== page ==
Archive for juin 2013
Looking Back on Occupy
1. Your assessment of the Occupy movement was very positive. What is the overall perception you have of this movement today? What is left of Occupy?
Ken Knabb – There is not much left of the Occupy movement as such — almost all the encampments were destroyed in November or December 2011 and virtually no new ones have emerged. On the other hand, the movement was in no way “defeated.” With few exceptions, the people arrested were quickly released and totally exonerated. The elimination of the encampments simply had the effect of forcing the participants onto other, more diverse terrains of struggle. Countless people all over the country continue to meet regularly, to network with each other and to carry out all sorts of actions — picketing banks, disrupting corporate board meetings, blocking home foreclosures, protesting environmental policies (Monsanto, Tar Sands Pipeline, fracking, etc.), in addition to more specifically “occupy” type actions such as attempting to take over and reopen schools and libraries that have been closed and abandoned, or “Homes Not Jails” attempted takeovers of vacant housing to provide dwellings for homeless people. One of the most interesting and well planned of these latter types of actions, “Occupy the Farm,” took place just a few blocks from my home last April, when ecological activists took over a large plot of vacant urban land and turned it into a community garden, planting more than ten thousand seedlings in the space of a few days. The gardener-occupiers were driven out after three weeks, but the agitation continues and has resulted in a temporary victory against a planned commercial development. [November note: Since the completion of this interview the immense disaster relief work of Occupy Sandy is yet another very important and exemplary development.] Lire la suite »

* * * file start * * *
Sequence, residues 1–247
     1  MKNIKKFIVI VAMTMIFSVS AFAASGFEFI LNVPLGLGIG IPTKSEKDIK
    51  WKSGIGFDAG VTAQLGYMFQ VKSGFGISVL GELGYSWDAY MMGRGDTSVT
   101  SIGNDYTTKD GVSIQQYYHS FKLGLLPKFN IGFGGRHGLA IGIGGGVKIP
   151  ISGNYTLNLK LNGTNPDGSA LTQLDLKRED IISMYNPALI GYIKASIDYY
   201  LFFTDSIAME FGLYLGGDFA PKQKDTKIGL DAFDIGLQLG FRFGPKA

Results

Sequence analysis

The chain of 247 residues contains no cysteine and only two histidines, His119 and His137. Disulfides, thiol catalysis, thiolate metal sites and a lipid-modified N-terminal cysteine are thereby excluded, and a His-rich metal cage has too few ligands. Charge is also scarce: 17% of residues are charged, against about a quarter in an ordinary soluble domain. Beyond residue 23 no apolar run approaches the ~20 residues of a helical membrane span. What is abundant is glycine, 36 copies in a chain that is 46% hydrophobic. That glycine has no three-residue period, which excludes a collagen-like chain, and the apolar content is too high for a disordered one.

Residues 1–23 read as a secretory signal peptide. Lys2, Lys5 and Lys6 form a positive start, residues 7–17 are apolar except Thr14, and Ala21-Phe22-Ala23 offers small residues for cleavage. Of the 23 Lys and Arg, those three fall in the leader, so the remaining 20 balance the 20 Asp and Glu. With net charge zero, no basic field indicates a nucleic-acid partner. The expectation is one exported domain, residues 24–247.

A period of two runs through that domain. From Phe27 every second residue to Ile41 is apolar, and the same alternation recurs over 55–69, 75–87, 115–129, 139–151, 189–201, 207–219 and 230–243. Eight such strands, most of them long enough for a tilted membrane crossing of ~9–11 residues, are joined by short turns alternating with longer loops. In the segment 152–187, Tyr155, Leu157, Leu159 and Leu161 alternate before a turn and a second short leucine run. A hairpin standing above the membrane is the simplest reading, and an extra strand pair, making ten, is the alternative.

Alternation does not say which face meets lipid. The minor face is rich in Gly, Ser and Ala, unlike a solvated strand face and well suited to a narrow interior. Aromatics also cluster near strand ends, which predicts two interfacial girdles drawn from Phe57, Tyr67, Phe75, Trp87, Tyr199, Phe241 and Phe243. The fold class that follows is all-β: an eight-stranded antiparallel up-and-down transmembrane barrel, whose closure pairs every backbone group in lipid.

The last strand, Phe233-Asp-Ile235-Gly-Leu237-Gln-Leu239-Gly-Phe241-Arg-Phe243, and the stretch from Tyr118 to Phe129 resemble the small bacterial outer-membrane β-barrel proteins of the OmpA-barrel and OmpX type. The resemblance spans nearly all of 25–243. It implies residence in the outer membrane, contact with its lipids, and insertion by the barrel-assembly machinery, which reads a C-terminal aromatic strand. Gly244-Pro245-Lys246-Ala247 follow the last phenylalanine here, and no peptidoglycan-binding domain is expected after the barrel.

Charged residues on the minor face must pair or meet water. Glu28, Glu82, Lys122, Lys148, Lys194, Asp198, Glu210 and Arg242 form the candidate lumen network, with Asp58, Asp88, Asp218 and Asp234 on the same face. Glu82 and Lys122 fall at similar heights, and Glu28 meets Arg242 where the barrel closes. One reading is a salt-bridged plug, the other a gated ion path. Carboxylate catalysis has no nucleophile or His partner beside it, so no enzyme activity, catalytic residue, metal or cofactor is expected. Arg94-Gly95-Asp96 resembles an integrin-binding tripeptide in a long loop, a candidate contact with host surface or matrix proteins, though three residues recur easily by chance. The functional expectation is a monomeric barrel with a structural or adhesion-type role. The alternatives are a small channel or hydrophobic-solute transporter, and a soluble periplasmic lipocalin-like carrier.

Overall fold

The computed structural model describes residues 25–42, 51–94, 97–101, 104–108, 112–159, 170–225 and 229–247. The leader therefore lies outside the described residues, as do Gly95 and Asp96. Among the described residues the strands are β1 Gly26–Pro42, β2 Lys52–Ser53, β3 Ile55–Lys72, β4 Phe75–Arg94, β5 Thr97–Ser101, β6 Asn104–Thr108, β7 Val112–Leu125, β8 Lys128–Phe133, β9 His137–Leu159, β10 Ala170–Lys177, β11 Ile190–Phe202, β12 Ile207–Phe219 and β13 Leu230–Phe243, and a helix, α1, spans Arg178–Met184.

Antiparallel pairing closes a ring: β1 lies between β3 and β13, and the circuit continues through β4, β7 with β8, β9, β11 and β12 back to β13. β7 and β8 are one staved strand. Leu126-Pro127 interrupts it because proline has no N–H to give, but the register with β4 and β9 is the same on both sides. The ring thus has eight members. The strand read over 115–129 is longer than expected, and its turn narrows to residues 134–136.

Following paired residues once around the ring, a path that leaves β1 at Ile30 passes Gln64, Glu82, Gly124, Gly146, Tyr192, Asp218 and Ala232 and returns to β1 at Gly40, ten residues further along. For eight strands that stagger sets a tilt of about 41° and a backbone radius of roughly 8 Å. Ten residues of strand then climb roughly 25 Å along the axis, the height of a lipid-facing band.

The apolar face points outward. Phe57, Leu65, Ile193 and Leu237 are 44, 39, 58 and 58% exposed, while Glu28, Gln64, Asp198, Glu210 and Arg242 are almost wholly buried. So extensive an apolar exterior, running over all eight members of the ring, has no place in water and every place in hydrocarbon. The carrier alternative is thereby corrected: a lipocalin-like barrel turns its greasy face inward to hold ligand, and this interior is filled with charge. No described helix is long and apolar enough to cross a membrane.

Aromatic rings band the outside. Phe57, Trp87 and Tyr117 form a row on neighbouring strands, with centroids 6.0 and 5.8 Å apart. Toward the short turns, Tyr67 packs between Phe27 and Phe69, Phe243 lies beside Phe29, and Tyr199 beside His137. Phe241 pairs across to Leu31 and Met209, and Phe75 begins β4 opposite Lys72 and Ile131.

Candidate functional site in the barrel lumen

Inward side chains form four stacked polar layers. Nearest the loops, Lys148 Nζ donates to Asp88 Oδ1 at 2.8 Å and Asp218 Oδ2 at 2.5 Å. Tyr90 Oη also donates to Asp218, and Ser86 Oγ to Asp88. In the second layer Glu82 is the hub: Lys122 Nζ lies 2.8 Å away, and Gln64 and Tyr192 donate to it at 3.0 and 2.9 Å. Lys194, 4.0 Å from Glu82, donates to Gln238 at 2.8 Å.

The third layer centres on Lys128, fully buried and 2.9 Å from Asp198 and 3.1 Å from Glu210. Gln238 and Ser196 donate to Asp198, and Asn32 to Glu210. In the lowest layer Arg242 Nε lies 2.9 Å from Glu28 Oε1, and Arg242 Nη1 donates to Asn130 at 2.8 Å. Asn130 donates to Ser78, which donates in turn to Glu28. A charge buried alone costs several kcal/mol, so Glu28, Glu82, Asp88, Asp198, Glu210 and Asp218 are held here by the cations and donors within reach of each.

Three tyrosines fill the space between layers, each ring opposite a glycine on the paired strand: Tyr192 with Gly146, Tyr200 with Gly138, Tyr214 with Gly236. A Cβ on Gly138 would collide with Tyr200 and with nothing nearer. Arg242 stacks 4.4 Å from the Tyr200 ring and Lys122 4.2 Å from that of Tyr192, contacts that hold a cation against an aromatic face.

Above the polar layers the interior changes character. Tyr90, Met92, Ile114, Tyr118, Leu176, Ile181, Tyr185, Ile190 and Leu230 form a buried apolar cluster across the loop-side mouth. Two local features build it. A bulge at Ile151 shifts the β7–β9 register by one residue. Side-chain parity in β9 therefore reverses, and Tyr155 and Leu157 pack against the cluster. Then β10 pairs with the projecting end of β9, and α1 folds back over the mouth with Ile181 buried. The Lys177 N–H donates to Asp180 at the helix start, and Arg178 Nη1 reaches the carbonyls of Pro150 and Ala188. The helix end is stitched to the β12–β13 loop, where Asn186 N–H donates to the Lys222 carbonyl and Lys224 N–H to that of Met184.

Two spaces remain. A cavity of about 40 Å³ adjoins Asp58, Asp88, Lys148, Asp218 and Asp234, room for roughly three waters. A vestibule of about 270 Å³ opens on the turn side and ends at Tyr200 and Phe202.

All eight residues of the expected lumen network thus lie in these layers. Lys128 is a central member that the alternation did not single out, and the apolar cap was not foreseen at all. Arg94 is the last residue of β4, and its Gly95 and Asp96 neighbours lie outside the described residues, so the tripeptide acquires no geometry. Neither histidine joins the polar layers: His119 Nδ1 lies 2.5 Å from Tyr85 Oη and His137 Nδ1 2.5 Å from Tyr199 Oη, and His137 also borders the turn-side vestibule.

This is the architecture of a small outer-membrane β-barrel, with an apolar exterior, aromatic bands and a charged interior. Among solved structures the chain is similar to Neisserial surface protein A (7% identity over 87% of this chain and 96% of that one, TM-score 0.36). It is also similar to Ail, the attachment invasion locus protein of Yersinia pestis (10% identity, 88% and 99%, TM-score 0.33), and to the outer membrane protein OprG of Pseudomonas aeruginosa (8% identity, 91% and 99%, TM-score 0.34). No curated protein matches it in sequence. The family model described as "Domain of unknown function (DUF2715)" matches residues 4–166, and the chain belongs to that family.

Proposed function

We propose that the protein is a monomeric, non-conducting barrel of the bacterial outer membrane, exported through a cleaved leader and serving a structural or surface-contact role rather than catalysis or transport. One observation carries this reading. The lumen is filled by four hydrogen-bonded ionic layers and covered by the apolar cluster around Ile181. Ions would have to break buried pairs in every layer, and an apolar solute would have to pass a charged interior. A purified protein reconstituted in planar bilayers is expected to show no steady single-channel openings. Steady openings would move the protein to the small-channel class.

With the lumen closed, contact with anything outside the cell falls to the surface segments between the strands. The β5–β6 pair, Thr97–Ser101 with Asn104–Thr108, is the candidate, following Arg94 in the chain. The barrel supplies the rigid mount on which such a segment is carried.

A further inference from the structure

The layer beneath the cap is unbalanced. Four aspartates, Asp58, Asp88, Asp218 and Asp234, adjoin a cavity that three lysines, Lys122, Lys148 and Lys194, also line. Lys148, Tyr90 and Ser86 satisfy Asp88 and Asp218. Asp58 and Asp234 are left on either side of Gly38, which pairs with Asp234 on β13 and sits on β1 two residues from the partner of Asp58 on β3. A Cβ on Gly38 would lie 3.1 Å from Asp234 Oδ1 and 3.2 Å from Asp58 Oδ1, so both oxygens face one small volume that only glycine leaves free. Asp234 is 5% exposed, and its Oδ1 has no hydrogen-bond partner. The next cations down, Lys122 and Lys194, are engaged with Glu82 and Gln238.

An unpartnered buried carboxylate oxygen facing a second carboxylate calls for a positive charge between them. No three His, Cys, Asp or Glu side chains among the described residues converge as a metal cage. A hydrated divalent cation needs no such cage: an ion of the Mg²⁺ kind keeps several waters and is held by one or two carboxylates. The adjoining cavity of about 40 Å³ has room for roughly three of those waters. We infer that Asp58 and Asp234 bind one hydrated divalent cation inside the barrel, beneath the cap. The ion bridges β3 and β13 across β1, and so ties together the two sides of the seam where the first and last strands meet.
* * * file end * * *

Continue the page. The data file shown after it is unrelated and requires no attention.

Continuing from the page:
« Ricardo Flores Magón : utopie et mythe du communisme au Mexique »,
L’Échaudée n°2 (automne-hiver 2012)
[…] « Dans un premier temps, Flores Magón, considérant les communautés indigènes, prenait en compte la réaction spontanée, «instinctive», de celles-ci à l’industrialisation, y compris dans certaines zones, comme Morelos, où opèrera Emiliano Zapata à partir de 1911, et où fut installée une industrie sucrière, très moderne, technologiquement parlant. Avec le développement du capitalisme, nombre des membres de ces communautés se prolétarisent, en devenant ouvriers agricoles. Organisation et évolutions naturelles, héritées d’un passé ancestral, Magón, le signalait clairement : «Il y a jusqu’à vingt cinq ans, les communautés vivaient dans le « communisme primitif.» Et c’est cela qui va être détruit par le capitalisme.